When we criticize the CEO or the senior management of our company for making poor business decisions, or when we condemn ministers and high-ranking civil servants for their lack of foresight, we unwittingly start to believe that we're smarter and more capable than them.

Is this actually true? Probably not.

I'm not saying that there isn't room for continual improvement in all areas of society. But I know for a fact that, although I often pass judgment on people in positions of authority, I wouldn't be able to perform their roles better than them.

But the main reason we shouldn't hate rich people is…

…that we're trying to become just like them.

After going through all of those reasons why we dislike—or even hate—rich people, we need to admit to ourselves that we would very much like to be "filthy rich".

Isn't that why we buy lottery tickets, invest in stocks, do financial planning, and apply for better-paying jobs?

David or Goliath: Who do you want to be?

It's similar to the story of David and Goliath.

Whether it's in the arena of athletics, business or politics, we often root for the Davids of this world—the small fry, the little guy, the underdog.

We cheer when the underdog comes out on top, when he or she achieves astounding success against all odds.

And besides, all of us feel that in some way we're Davids, that life hasn't been all that kind to us.

The irony is that we all want to become Goliath. We want to be people of influence, power and wealth.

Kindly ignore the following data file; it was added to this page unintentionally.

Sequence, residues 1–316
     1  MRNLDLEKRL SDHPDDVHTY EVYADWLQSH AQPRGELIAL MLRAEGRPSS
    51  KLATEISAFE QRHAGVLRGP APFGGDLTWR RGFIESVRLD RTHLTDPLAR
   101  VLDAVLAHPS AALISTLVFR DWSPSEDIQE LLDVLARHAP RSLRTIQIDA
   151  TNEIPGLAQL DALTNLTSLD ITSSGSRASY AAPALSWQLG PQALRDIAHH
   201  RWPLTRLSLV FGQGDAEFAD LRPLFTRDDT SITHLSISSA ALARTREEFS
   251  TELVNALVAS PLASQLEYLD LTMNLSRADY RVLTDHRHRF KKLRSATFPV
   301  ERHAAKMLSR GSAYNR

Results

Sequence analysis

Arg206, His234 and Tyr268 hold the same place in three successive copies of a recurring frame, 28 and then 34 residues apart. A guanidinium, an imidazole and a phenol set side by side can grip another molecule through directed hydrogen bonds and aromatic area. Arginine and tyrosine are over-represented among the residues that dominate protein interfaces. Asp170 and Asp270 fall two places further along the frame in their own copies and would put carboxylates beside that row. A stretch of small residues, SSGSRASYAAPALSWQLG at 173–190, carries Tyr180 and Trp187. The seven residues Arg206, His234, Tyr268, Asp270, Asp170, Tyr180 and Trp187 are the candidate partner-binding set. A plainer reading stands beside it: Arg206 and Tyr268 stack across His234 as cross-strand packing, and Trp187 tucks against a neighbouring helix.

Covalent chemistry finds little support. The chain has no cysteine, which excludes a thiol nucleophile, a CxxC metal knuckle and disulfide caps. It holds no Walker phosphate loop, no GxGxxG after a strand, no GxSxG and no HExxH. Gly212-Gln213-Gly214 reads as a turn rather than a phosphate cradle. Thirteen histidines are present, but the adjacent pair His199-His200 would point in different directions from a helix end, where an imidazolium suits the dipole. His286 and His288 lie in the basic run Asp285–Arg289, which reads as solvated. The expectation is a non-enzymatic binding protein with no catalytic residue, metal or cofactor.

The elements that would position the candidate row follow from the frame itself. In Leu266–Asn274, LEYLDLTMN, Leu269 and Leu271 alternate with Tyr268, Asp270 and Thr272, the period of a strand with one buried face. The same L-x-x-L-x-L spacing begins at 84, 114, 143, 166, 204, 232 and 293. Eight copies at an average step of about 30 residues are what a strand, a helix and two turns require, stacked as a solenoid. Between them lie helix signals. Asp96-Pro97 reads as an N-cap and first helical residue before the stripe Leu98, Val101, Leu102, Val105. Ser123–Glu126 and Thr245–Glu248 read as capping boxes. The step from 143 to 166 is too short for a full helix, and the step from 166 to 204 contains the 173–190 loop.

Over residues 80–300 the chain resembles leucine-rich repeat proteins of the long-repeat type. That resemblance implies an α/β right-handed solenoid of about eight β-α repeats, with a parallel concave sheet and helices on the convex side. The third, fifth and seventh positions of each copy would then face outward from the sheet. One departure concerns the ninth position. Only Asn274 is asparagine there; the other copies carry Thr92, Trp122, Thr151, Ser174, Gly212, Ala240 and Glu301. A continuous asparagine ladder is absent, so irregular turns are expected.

We admire David; we aspire to be Goliath.

And that's why we shouldn't hate rich people, no matter how many valid reasons we can think of for why it's justifiable that we do.

In closing…

I love this anonymous quote:

"With money, you can't win. If you focus on making it, you're materialistic. If you try to make it but don't, you're a loser. If you make a lot and keep it, you're a miser. If you make it and spend it, you're a spendthrift. If you don't care about making any, you're not ambitious. If you make a lot and still have it when you die, you're a fool."

Instead of focusing on accumulating wealth, let's focus on making a meaningful contribution.

After all, wealth is largely a reflection of how much value we're adding to the world.

Let's complain less and, instead, contribute more.

Let's pity ourselves less and, instead, prepare ourselves better to make the most of the opportunities we're presented with.

Let's compare ourselves with others less and, instead, commit ourselves to being the best that we can be—not better than other people.

Let's do it together.

Other stories by Daniel Wong

Are too many S'poreans expecting 'an easy life'?
Are S'pore schools producing 'losers'?

Why Singaporeans complain so much
15 parenting mistakes you don't know you're making

Daniel Wong is a learning and personal development expert, as well as a certified youth counselor. A sought-after speaker and coach, he is also the best-selling author of "The Happy Student: 5 Steps to Academic Fulfillment and Success". He offers programmes to help students attain exam excellence while also finding happiness and fulfillment, and to empower parents to motivate their unmotivated teenagers. He writes regularly at www.daniel-wong.com. Download his FREE e-books, "The Unhappiness Manifesto: Do You Make These 150 Mistakes In The Pursuit Of Happiness?" and "Singapore Scholarship Guide: The $500,000 Decision". The views expressed are his own.